One hundred preservice teachers enrolled in a Human Growth and Development course completed a pre- and post Knowledge of Diversity Survey to determine their perceived knowledge of diversity before and following taking the course which featured substantial diversity curriculum integration and diversity fieldwork. In addition, each of the 100 students responded to 20 multiple questions designed to measure their knowledge of diversity at the end of the course. The professor of the course was also the author of the diversity text that was used as a basis for the diversity education present in the course which included an extensive partnership with a public elementary school that enrolled 43% minority students. Study results found that while students’ perceived knowledge of diversity increased overall following completion of a course in which they experienced extensive diversity curriculum integration and field work with diverse students, their measured knowledge of diversity exhibited a limited knowledge of oppression theory and curriculum integration. Study participants did, however, demonstrate a high level of knowledge of diversity concepts and minority group member discriminatory treatment in the U.S.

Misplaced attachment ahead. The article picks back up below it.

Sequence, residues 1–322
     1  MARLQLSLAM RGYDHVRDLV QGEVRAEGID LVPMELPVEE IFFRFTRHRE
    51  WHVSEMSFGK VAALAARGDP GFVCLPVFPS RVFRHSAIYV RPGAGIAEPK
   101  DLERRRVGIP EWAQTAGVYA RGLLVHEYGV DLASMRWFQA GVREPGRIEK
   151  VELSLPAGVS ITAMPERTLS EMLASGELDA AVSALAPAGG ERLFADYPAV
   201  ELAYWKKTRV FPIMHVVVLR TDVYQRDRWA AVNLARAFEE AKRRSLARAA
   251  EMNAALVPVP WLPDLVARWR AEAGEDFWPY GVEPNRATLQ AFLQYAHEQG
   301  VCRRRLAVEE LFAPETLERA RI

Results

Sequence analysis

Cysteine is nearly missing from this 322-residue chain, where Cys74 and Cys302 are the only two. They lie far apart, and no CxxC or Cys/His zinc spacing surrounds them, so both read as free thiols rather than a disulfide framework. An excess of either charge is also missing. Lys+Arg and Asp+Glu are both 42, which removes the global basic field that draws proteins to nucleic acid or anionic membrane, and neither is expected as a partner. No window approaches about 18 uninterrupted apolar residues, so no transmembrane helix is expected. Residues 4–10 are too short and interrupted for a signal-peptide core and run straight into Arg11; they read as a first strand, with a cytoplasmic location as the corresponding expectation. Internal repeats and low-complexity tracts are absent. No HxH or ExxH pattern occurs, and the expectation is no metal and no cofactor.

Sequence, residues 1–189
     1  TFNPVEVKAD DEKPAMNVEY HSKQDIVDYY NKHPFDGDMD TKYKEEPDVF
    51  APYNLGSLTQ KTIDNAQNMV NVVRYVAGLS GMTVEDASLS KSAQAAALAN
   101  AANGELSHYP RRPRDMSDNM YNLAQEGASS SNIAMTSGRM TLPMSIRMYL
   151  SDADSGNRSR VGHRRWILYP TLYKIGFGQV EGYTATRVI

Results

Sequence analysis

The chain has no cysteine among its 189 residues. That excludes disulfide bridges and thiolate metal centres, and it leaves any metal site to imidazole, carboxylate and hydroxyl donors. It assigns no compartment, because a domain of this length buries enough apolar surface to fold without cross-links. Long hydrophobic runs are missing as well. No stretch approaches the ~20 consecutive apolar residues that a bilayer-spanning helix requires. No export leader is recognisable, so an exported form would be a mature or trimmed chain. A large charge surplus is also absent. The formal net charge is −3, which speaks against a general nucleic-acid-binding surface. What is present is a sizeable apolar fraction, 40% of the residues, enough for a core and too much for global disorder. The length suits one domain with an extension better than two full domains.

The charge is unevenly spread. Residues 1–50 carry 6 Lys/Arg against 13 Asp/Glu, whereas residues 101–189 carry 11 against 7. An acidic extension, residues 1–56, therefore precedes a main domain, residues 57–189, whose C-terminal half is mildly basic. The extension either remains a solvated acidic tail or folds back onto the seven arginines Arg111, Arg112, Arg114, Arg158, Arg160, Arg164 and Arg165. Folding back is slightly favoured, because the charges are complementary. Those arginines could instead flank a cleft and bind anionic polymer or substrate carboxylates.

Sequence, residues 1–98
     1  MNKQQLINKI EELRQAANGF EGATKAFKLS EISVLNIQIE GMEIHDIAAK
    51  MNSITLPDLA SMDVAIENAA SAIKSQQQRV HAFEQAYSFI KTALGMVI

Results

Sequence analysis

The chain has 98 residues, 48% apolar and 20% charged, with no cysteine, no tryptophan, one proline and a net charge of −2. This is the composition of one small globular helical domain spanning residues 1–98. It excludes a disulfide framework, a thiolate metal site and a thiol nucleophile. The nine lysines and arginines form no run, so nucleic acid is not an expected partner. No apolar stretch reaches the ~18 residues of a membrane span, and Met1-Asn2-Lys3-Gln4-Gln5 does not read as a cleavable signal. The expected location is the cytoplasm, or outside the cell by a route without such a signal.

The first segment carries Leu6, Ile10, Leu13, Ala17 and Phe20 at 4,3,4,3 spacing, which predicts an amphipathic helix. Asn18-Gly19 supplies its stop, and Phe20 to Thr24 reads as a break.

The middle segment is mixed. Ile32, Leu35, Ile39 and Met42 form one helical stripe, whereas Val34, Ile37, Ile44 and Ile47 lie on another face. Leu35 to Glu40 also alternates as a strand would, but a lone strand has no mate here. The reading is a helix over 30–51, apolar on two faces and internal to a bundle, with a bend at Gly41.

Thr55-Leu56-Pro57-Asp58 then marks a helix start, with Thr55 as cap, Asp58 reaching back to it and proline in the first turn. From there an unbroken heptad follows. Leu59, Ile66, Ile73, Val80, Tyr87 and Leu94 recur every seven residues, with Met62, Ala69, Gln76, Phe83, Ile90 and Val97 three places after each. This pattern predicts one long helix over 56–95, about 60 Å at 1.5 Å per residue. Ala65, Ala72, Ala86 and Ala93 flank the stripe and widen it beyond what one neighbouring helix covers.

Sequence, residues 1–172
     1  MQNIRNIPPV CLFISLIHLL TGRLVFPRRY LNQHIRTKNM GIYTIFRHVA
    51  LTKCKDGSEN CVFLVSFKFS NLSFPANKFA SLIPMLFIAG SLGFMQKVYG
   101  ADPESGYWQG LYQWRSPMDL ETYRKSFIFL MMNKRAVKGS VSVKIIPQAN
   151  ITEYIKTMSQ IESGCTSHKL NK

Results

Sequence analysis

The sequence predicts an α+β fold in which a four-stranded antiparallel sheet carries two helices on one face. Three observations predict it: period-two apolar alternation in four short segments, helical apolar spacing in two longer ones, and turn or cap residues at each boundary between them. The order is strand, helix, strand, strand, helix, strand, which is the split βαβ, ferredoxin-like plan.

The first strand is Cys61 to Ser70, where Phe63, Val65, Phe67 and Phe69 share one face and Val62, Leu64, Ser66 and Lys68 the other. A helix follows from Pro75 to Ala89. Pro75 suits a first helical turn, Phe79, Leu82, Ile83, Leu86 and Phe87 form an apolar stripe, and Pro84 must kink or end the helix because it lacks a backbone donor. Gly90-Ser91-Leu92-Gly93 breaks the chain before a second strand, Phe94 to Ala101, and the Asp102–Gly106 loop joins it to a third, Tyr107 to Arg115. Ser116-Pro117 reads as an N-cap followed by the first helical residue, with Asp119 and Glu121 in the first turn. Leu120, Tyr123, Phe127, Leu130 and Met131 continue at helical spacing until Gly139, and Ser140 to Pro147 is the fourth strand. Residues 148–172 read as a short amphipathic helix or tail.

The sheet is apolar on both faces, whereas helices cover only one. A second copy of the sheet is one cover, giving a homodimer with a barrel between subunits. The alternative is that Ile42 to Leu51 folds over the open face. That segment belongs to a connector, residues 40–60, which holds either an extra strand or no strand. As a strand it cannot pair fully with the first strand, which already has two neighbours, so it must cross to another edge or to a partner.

|Keywords:||Diversity Knowledge, Schools Strategies, Teacher Educators|
Professor, Professional Programs in Education, Morehead State University, Morehead, Kentucky, USA
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